Atkinson Prize in Psychological and Cognitive Sciences

Atkinson Prize in Psychological and Cognitive Sciences

About the Atkinson Prize in Psychological and Cognitive Sciences

The Atkinson Prize in Psychological and Cognitive Sciences (formerly the NAS Prize in Psychological and Cognitive Sciences) is presented to honor significant advances in the psychological and cognitive sciences with important implications for formal and systematic theory in these fields. Two prizes of $100,000 are presented biennially. The prize was established by Richard C. Atkinson in 2013.

Most Recent Recipients

 

Mahzarin Rustum Banaji, Harvard University, and Dan Jurafsky, Stanford University, received the 2022 Atkinson Prizes in Psychological and Cognitive Sciences. 

Banaji is recognized for her groundbreaking contributions to understanding implicit social cognition. Her research has helped establish and quantify the role that unconscious processes play in governing human social actions and judgments of others.  

Her landmark collaborative research defined implicit social cognition, introduced the term “implicit bias,” and developed the Implicit Association Test. Read more about Banaji's work»

Jurafsky has made landmark contributions to computational linguistics and its application to modeling the social, interactional, and cognitive aspects of human language and its processing.

His interdisciplinary approach to fundamental research questions – forging links between the study of human language processing and machine language processing, the processing of spoken and written language, the cognitive and the social, and ranging from individual sounds to entire discourses – has pushed the boundaries of computational psycholinguistics. Read more about Jurafsky's work»

Recipients:

Mahzarin Rustum Banaji (2022)
For her pioneering work in establishing and quantifying the role that unconscious processes play in governing human social actions and judgments of others.
Read more about Banaji's work»
Watch Banaji's acceptance speech»

Dan Jurafsky (2022)
For his groundbreaking contributions to computational linguistics and the sociology of language with significant applications to machine learning, artificial intelligence, and social justice.  
Read more about Jurafsky's work»
Watch Jurafsky's acceptance speech»

Richard N. Aslin (2020)
For his groundbreaking innovations and seminal contributions to the field of infancy, from visual and perceptual development to early language acquisition and, most recently, to brain imaging in infants; and also for his outstanding advocacy and support for women in science.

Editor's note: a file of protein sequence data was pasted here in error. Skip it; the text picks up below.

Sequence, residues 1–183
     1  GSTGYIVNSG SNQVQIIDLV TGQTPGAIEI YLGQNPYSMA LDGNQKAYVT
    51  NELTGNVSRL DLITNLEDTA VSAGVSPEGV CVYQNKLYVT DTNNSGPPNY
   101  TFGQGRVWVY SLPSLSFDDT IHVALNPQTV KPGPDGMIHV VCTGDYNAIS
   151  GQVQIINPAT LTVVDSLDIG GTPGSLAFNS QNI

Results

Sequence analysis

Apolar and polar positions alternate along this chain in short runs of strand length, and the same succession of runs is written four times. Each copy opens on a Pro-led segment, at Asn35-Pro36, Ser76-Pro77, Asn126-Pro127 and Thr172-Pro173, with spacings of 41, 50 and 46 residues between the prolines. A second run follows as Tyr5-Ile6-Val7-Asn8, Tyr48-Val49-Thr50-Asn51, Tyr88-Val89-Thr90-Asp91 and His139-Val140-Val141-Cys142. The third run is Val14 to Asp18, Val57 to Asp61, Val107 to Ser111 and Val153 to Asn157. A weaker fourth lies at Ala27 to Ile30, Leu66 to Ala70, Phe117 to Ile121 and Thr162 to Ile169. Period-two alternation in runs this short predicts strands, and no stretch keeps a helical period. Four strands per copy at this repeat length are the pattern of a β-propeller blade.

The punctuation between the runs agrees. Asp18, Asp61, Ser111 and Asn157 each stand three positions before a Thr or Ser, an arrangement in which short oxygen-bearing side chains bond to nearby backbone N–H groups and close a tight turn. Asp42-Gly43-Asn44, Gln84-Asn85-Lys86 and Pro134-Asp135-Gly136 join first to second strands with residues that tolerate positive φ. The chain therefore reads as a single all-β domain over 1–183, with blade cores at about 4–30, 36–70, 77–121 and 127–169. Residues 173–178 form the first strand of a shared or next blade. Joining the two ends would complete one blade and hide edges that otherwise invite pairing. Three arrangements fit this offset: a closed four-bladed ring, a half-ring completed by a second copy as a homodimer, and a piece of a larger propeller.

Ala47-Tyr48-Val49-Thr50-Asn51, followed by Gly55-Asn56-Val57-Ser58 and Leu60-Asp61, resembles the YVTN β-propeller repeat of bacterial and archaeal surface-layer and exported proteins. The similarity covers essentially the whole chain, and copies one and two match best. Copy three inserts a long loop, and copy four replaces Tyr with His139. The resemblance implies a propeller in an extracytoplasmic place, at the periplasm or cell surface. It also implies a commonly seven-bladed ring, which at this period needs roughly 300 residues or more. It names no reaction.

Read more about Aslin's work»
Watch Aslin's acceptance speech»

Susan Elizabeth Carey (2020)
For her discoveries of the mechanisms by which core cognition undergoes conceptual change in childhood and over history, thereby revolutionizing our understanding of how humans construct an understanding of objects, number, living kinds, and the physical world.
Read more about Carey's work»
Watch Carey's acceptance speech»

Barbara Dosher (2018)
For her groundbreaking experimental and theoretical work using elegant computational models and novel psychophysical techniques to reveal the nature of processes controlling human memory, search, perceptual attention, and perceptual learning.
Read more about Dosher's work»
Watch Dosher's acceptance speech»

Richard M. Shiffrin (2018)
For his pioneering contributions to the empirical and theoretical investigation of short- and long-term memory, controlled and automatic attention, the co-evolution of general knowledge and event memory, and the field of cognitive science.
Read more about Shiffrin's work»
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John R. Anderson (2016)
For foundational contributions to systematic theory and optimality analysis in cognitive and psychological science and for developing effective, theory-based cognitive tutors for education.
Read more about Anderson's work»
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Carol S. Dweck (2016)
For her groundbreaking work documenting that the implicit theories people hold about human abilities and traits have profound consequences for their perseverance, resilience, and achievement.
Read more about Dweck's work»
Watch Dweck's acceptance speech»

James L. McClelland (2014)
For seminal contributions to the empirical investigation and theoretical characterization of human perception, learning, memory, language and other basic mental processes through detailed, precise connectionist neural-network modeling.
Watch McClelland's acceptance speech»

Elizabeth S. Spelke (2014)
For her groundbreaking studies of infant perception, infant representations of number, and infant knowledge of the physical and social world, as well as studies of continuity and discontinuity in ontogeny.
Watch Spelke's acceptance speech»

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